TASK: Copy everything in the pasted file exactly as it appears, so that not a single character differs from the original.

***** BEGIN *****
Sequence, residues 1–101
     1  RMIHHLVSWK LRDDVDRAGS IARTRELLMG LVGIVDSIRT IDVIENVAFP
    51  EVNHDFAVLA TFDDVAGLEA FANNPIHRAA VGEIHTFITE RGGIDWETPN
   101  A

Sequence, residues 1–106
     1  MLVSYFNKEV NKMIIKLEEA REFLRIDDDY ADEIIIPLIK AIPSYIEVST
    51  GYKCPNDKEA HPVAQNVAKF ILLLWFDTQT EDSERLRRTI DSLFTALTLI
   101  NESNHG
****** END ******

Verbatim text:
Sequence, residues 1–101
     1  RMIHHLVSWK LRDDVDRAGS IARTRELLMG LVGIVDSIRT IDVIENVAFP
    51  EVNHDFAVLA TFDDVAGLEA FANNPIHRAA VGEIHTFITE RGGIDWETPN
   101  A

Sequence, residues 1–106
     1  MLVSYFNKEV NKMIIKLEEA REFLRIDDDY ADEIIIPLIK AIPSYIEVST
    51  GYKCPNDKEA HPVAQNVAKF ILLLWFDTQT EDSERLRRTI DSLFTALTLI
   101  NESNHG